Something Wrong With Your Sniffer? It Could Be the Coronavirus

Loss of sense of smell is a common COVID-19 symptom. A biologist explains what could be going on
 woman holds a lemon to her nose. James Schwob at Tufts School of Medicine explains how COVID-19 may steal your sense of smell.
If you’re not congested but have trouble recognizing strong scents, such as lemon, you might want to call your doctor about getting tested for COVID-19. Photo: Shutterstock
December 11, 2020

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COVID-19 has many symptoms, including fever, coughing, and fatigue. But one of the more distinctive signs is the loss of the ability to smell. We’re not talking about the usual “stuffy nose” that goes along with a cold, but an inability to process scent even when you’re not congested. People have reported that not being able to smell their own perfume or finding no aroma in their cup of mint tea was their first clue that they might be infected.

James Schwob, a professor of developmental, molecular, and chemical biology at Tufts University School of Medicine, researches the olfactory system and the roughly 1,000 types of neurons that are involved in our ability to register odors both good and bad.

Right now, he is studying tissue from COVID-19 patients to better understand how the virus leads to anosmia, or loss of sense of smell. Tufts Now talked to Schwob about what we know about viruses and their effects on sense of smell.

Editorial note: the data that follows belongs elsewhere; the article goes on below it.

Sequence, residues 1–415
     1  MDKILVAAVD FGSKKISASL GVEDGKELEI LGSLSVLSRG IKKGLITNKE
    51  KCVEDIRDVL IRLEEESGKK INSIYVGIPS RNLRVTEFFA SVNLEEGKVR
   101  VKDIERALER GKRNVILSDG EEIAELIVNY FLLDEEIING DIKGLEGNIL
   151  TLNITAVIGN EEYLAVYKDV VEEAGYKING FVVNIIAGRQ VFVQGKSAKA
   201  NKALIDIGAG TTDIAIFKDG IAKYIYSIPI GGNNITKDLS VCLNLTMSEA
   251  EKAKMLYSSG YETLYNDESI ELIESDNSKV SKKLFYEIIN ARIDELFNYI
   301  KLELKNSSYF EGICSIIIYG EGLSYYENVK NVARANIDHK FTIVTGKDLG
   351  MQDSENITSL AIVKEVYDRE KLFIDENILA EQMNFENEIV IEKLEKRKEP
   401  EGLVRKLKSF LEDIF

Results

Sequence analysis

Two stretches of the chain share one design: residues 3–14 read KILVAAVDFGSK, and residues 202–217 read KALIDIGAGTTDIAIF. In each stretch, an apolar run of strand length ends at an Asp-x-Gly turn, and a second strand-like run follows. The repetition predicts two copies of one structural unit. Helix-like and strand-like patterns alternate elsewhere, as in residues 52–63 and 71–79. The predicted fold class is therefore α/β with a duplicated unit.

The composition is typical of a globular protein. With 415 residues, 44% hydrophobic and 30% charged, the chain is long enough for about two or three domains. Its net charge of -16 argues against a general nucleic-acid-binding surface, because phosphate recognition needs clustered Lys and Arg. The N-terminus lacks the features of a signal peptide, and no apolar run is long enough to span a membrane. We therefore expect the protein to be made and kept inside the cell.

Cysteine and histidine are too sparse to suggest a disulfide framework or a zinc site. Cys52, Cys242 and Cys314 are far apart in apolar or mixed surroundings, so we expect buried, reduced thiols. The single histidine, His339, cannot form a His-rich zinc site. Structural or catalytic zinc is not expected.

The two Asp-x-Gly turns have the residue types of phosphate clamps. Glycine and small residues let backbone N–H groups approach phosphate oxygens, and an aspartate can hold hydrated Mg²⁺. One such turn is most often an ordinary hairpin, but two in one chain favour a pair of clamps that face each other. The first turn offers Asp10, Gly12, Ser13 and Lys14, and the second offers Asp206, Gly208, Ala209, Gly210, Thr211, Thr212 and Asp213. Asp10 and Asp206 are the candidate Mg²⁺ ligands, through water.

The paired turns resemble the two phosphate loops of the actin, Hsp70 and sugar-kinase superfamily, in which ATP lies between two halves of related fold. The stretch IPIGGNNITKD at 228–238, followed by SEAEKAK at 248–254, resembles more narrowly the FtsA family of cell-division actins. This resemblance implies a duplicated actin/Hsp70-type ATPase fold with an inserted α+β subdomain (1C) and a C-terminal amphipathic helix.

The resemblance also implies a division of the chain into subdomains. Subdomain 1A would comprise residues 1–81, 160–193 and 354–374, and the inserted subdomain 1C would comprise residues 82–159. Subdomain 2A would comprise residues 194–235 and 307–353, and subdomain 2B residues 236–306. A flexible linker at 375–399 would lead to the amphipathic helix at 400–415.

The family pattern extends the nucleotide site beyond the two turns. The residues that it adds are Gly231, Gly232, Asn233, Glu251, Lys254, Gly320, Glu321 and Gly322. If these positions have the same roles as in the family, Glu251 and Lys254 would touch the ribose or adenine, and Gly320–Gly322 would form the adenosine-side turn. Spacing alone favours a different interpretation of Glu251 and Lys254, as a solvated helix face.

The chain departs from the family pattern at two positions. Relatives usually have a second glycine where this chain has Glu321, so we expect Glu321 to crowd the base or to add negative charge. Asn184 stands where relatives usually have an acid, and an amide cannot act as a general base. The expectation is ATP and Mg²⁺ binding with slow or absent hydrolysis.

Tufts Now: How does sense of smell work?

James Schwob: The sense of smell operates by chemicals wafting in on the air and reaching the upper and back parts of the nasal cavity. Those chemicals bind to receptors on sensory neurons in the epithelium—the thin tissue that lines the nasal passages. Those neurons then send a signal up the olfactory nerve into the brain, where it registers as the delicious smell of coffee or fresh cut grass.

What causes you to lose it?

There are a number of pretty well-known causes for loss of sense of smell. One is via post-viral infection, and we think that has something to do with the immune system causing inflammation. It also happens with head injury—in that case, it’s likely the part of the brain that receives the smell signals that is damaged. Toxin exposure—from cadmium, formaldehyde, or methyl bromide, for example—will make you lose your sense of smell. Chronic sinus infections and simply the aging process can also cause anosmia. 

How common is loss of sense of smell among COVID-19 patients?

We have long known that people can lose their sense of smell after other viral infections, such as the flu, but the percentage of people who have had this problem with COVID-19 is quite remarkable. One study from Iran reported 98 percent of hospitalized patients had an objective problem with their sense of smell.

How does COVID-19 cause people to lose their sense of smell?